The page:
Nigeria produces around 2.5 million barrels of oil a day, around 60% of which is pumped from the region of the Niger Delta – a 70,000 square kilometer (27,000 square mile) area that makes up only 7.5% of Nigeria’s landmass.
This production is a vital revenue stream for the Nigerian state, accounting for almost all of its export earnings. However, the concentration of usually small, disorganised oil fields and refineries in a diverse and fragile ecosystem has lead to major ecological damage.
In 2016, the Nigerian government instigated a USD one billion clean-up operation, however this has been hampered by inactivity, corruption and a lack of security in the region. Faced with this, Chinyere Nnadi, a Nigerian entrepreneur based in the United States, founded Sustainability International to try and find an effective solution to decontamination.
Cleaning Up the Delta With Oil-Killing Bacteria
Nnadi’s concept follows on from research carried out by his mother, Dr Fidelia Nnadi, at the University of Central Florida School of Engineering. Her team has developed Bioclean, a organic, non-toxic, bacteria-based technology that can clean areas of oil contamination in only around 30 days. The solution uses multiple enzyme compounds and dual action nonpathogenic bacteria to destroy the hydrocarbons of the oil at a molecular level – essentially ‘killing’ the oil and leaving behind nutrients that help restore the area further.
Bioclean has already seen results in the field, having been used in 2012 to clean up the Colombian village of Chinácota, following a spill in the area.
However, cleaning up the oil spills is only half the challenge. Institutional corruption in Nigeria also greatly hampers clean-up operations, with a lack of transparency and trust between actors delaying decontamination operations and rendering them ineffective. To combat this, Nnadi has also introduced blockchain to the region, in the form of Sela Labs.
Established in 2017 and backed by the Brooklyn-based blockchain venture studio ConsenSys and its Blockchain for Social Impact Coalition, Sela Labs aims to use cryptocurrencies and the power of blockchain to improve accountability in the Niger Delta. Through Sela, a distributed digital ledger is created, which creates a transparent, indisputable record of payments. Armed with information, Sustainability International and its partners can combat corruption and ensure the money goes to where it is needed to be effective.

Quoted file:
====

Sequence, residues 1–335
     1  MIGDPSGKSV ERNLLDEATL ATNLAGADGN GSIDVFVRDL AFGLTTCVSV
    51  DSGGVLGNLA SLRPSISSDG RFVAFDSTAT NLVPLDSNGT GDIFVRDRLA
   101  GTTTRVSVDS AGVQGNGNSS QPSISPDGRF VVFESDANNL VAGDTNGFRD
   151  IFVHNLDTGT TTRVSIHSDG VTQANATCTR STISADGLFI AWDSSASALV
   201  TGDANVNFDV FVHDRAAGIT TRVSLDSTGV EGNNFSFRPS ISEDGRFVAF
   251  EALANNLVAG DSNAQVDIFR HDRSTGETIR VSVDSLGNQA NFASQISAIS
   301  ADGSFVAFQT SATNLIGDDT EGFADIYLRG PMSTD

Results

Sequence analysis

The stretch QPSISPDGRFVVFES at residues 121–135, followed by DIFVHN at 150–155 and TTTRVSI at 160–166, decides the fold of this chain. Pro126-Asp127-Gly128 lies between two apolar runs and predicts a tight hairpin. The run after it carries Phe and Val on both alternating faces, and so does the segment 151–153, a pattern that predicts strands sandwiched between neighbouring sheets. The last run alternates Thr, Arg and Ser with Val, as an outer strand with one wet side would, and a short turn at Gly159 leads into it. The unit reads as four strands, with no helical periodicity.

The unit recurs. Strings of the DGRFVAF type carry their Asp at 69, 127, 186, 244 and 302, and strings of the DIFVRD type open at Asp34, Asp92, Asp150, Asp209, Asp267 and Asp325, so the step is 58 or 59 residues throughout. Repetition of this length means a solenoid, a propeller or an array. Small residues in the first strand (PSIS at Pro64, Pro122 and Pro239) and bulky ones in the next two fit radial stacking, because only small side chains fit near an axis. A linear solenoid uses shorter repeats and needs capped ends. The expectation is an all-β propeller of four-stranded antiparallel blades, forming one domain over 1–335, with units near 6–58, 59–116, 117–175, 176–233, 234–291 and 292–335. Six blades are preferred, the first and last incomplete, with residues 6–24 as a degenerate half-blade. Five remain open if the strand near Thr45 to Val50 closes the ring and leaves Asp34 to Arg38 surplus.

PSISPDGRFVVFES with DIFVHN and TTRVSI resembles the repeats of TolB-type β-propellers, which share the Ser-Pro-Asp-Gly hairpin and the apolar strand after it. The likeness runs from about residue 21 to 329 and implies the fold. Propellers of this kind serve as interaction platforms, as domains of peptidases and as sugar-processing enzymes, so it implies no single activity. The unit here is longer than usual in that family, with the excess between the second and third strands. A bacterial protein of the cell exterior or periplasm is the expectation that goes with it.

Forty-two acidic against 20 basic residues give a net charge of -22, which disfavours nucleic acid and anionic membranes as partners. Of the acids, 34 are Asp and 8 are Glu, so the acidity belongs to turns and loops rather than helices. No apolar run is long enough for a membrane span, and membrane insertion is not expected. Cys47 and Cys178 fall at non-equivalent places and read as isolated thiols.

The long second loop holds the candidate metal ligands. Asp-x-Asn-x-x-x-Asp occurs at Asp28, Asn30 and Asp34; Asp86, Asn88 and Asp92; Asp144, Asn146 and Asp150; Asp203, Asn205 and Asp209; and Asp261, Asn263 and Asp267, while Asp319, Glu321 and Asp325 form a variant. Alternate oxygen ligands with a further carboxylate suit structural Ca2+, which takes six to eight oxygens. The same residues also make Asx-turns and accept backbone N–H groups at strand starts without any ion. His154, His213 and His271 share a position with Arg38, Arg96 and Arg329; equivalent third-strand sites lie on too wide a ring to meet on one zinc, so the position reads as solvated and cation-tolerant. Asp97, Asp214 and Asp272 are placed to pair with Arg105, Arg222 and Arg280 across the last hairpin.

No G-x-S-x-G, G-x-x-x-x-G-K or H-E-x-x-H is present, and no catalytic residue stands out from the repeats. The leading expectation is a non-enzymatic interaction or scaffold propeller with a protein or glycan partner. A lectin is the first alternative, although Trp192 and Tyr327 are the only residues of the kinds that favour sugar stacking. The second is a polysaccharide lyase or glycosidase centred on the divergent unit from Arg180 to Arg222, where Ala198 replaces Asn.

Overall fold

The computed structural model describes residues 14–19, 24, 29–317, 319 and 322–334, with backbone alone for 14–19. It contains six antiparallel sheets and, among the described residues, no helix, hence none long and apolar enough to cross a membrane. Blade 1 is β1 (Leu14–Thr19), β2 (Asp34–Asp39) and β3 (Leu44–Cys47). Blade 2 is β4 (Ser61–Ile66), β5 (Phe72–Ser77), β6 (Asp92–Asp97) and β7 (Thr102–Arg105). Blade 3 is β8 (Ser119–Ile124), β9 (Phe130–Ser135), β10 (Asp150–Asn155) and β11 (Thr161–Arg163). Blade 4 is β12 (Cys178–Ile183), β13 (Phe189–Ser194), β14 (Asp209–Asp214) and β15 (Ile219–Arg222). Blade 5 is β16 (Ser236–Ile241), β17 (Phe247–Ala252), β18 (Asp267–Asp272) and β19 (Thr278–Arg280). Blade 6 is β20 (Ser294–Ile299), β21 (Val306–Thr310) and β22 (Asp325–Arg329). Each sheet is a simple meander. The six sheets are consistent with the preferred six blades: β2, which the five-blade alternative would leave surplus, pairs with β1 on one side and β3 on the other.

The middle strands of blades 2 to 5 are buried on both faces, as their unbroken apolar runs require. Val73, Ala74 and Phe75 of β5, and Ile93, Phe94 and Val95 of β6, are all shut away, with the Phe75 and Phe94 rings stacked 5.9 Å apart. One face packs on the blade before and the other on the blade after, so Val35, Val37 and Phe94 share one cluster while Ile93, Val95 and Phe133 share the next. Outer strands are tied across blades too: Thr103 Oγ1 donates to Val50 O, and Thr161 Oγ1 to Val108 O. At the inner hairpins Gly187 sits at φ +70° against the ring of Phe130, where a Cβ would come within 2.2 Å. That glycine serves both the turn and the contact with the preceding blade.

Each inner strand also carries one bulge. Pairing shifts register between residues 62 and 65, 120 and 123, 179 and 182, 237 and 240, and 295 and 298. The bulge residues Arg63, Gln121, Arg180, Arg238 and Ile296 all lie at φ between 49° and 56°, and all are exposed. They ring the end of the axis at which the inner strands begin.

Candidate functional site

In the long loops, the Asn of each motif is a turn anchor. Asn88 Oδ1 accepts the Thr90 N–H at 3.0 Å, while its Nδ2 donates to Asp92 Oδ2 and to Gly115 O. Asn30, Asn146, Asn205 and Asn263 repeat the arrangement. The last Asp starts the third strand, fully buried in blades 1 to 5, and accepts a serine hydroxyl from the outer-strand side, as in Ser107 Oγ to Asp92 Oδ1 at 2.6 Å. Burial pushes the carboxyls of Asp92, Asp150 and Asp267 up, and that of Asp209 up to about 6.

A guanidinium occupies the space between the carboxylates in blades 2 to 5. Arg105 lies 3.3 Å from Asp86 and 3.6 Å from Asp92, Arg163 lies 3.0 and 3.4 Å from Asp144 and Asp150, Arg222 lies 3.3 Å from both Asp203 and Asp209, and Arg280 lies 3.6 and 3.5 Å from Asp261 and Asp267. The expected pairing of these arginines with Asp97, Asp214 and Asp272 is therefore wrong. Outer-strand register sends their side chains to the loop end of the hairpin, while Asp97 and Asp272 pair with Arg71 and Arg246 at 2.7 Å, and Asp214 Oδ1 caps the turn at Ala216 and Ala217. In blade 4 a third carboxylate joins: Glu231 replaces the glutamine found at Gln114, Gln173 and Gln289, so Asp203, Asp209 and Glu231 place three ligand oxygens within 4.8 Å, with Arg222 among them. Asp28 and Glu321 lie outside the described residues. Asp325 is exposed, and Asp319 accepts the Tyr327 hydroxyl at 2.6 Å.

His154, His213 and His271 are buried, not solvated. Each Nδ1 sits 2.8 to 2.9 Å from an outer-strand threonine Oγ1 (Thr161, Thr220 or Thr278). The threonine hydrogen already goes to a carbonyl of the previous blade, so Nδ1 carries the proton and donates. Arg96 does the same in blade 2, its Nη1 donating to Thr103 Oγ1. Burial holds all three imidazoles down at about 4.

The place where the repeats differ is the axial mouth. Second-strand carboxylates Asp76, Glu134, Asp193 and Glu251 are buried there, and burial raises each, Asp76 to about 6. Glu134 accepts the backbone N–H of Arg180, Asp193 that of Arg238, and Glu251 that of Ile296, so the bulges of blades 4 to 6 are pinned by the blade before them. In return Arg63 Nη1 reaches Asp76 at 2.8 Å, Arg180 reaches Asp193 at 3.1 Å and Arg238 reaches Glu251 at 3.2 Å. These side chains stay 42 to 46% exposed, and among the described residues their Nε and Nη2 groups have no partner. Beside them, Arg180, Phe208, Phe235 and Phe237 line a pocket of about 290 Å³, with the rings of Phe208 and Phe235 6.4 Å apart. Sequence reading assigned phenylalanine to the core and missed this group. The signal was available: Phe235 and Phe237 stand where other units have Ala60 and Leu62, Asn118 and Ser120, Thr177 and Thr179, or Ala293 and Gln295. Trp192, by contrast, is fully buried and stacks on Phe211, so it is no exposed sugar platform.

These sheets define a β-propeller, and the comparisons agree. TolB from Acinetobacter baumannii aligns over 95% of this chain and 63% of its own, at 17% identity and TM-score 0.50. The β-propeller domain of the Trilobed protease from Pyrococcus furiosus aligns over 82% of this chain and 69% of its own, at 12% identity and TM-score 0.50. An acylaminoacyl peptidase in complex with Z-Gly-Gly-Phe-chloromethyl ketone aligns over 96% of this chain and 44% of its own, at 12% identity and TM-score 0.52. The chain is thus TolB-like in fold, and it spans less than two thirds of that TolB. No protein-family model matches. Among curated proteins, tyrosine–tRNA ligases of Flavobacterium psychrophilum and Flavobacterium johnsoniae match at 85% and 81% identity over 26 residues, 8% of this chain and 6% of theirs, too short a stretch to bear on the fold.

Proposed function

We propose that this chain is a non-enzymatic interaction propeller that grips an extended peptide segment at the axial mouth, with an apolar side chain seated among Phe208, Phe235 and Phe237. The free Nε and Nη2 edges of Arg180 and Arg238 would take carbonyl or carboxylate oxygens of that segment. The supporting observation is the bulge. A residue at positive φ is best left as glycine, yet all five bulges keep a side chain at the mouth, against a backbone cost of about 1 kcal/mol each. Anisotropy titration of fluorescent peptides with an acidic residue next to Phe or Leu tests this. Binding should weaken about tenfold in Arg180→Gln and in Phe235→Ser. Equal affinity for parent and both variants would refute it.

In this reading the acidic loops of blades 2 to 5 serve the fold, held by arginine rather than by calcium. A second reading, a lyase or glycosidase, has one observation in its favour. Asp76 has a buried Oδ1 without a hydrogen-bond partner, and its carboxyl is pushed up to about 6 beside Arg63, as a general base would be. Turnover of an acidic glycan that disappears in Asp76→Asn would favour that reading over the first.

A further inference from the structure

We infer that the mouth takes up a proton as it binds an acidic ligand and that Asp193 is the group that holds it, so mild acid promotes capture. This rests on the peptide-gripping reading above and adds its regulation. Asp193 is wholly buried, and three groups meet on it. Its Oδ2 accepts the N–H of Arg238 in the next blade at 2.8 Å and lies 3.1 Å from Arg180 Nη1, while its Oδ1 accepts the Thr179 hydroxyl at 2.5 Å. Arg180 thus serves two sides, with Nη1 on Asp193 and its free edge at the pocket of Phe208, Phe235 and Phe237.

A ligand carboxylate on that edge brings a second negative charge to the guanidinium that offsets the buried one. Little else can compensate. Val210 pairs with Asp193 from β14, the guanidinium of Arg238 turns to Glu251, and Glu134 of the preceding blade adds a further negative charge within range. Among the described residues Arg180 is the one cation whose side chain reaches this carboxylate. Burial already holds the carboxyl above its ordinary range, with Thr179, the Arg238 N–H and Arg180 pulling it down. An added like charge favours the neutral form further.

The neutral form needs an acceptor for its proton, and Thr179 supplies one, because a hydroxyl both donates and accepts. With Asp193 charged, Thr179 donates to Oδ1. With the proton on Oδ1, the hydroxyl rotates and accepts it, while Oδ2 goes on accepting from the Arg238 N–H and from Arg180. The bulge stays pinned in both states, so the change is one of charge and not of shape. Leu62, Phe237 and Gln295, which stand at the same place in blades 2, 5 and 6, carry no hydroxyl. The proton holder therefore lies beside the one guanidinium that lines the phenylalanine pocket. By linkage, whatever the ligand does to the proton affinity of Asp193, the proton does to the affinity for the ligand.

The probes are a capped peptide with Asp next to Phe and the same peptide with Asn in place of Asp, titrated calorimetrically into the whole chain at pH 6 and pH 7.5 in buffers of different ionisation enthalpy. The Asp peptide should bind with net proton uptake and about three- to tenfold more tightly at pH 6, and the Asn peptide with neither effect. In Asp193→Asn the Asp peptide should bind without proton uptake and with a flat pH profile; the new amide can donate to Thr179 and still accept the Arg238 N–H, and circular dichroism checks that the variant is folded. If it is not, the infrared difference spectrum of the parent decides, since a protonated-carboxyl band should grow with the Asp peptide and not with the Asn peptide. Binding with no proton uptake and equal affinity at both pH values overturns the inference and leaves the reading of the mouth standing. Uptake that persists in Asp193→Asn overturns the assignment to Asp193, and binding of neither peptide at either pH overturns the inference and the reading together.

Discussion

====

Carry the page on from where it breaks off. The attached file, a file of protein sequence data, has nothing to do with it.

In 2011, a UN report stated it would likely take around 30 years to clean up the Niger Delta’s oil contamination. Bioclean could potentially speed up this process, with Sustainability International stating that it would not only clean up the environment, but also provide employment for locals, increasing security in the region. Additionally, Bioclean claims their bacteria-based solution does not come with the health concerns associated with other oil-scrubbing agents, such as Corexit – a substance used in vast quantities during the 2010 Deepwater Horizon oil spill.
Sustainability International plans to approach the decontamination in a systematic fashion, cleaning one village at the time across the Delta. It trialled its bitcoin-backed system at the village of K-Dere last year and plans to roll out its operations across the delta in May.
How Much Oil is Spilled in the Niger Delta?
Between 1976 and 2014, the Journal of Health and Pollution counted more than 12,000 oil spill incidents in Nigeria – the majority of which occurred within the delta. Oil tanker breakdowns and pipe corrosion were the cause of most leaks, however sabotage by militant groups and oil theft from locals have also contributed.
All told, this has resulted in an oil emergency in the Niger Delta, with the area’s important mangrove swamps being particularly susceptible to oil contamination (pictured above). In the last 50 years, around 10% of these swamps – which form the basis of the entire ecosystem and local income – have been lost.
The impact on the environment has also lead to human deaths. A World Health Organization report stated that drinking water in the Niger Delta had 900 times the recommended benzene levels, resulting in a situation where inhabitants of the Niger Delta are 24 percent more susceptible to malnutrition and infant death than the rest of the country.